The use of site diversity can only increase the availability of high values of C/Nu and C/Iu relative to the values calculated in a plan which is based on a single feeder-link station. Therefore, the Region 2 Plan permits the use of site diversity in the implementation of feeder links.

Even though the use of site diversity can effectively compensate for the effects of rain and depolarization, the cost and complexity of diversity stations may be significant. The use of diversity for transportable stations is particularly problematic from the standpoint of cost and operational complexity.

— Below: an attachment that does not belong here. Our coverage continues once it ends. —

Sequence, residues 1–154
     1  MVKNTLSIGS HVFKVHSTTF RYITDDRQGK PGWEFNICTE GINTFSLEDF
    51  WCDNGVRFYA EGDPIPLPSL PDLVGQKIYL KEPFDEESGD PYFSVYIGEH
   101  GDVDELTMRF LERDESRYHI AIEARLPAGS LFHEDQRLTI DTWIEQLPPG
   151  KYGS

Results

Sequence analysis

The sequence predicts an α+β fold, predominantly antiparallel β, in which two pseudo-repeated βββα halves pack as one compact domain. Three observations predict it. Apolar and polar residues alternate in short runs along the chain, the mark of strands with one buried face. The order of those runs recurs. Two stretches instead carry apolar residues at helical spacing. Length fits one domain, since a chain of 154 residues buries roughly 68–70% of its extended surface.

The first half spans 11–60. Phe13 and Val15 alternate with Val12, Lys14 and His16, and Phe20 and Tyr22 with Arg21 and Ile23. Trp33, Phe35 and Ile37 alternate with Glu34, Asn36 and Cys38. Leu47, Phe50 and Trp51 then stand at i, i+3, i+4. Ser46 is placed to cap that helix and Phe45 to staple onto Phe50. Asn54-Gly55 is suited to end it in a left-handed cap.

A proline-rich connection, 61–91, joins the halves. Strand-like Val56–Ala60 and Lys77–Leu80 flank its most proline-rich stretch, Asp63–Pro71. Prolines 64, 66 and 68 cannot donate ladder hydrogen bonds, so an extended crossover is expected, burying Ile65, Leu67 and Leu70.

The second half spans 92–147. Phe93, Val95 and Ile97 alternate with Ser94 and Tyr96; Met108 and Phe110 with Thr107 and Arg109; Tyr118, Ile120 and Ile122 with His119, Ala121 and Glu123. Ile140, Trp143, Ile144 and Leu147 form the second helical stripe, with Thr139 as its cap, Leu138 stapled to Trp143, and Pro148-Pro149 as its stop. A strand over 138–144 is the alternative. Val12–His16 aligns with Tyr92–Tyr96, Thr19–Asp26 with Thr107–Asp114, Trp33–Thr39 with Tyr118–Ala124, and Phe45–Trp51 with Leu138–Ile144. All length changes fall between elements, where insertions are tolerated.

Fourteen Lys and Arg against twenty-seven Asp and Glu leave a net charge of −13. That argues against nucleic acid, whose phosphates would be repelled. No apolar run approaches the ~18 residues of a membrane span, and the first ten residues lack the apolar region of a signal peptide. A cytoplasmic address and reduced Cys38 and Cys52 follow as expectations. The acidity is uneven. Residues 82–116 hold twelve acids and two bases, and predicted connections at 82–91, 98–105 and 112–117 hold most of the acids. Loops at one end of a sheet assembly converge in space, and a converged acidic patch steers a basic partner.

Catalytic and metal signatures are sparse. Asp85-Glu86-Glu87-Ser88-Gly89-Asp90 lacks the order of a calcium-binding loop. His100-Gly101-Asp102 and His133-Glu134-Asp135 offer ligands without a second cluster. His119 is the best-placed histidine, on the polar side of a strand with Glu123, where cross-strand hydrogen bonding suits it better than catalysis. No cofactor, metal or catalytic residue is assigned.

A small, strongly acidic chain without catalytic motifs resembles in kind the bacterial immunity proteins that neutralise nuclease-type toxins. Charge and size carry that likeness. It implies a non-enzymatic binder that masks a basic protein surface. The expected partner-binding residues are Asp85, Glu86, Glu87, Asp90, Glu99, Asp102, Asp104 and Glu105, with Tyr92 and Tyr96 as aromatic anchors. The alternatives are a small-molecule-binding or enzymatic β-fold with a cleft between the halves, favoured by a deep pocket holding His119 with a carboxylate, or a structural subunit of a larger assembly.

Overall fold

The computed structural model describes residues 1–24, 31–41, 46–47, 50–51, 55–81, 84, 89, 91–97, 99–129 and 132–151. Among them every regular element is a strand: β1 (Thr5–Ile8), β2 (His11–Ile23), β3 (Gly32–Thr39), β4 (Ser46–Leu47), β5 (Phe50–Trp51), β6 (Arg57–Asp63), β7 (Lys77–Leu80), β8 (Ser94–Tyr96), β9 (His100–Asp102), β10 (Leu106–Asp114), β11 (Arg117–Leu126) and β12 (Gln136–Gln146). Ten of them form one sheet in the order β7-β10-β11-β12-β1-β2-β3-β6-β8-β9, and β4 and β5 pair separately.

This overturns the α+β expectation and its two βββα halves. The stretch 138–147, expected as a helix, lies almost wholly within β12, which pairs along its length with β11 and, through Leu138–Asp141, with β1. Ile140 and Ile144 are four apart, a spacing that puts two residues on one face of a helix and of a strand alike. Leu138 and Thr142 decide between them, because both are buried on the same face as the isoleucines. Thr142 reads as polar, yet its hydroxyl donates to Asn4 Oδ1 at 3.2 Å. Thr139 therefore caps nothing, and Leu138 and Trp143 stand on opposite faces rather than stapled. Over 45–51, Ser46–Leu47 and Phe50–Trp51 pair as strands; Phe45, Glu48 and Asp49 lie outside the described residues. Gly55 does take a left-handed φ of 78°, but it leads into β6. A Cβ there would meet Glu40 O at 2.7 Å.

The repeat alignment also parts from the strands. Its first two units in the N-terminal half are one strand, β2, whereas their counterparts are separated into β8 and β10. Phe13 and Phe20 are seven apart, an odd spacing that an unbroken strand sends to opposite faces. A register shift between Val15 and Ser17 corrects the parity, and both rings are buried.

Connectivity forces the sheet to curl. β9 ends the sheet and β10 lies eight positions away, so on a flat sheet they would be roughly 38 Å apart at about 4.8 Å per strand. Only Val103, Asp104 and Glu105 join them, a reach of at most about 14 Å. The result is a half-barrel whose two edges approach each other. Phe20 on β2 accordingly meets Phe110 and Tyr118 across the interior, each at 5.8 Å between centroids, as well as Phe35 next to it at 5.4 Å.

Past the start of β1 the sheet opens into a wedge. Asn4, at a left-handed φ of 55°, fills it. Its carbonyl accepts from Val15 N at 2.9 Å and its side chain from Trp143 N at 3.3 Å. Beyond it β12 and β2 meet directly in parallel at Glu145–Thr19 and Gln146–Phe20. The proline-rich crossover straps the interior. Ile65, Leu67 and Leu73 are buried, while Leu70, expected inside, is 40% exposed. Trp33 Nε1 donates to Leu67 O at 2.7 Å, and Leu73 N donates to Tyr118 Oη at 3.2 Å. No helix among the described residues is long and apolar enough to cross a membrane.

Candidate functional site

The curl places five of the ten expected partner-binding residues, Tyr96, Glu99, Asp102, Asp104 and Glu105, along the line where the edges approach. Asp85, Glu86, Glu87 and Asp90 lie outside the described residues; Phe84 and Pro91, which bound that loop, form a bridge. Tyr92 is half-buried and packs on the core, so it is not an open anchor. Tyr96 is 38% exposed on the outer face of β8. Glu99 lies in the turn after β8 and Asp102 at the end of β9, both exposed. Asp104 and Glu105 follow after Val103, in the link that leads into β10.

* This Recommendation should be brought to the attention of Radiocommunication Study Group 4.

** Radiocommunication Study Group 6 made editorial amendments to this Recommendation in 2001 in accordance with Resolution ITU-R 44.

***Note: Report ITU-R BO.952 (§ 5.4.1, 5.4.2 and 7) was used in preparing this Recommendation.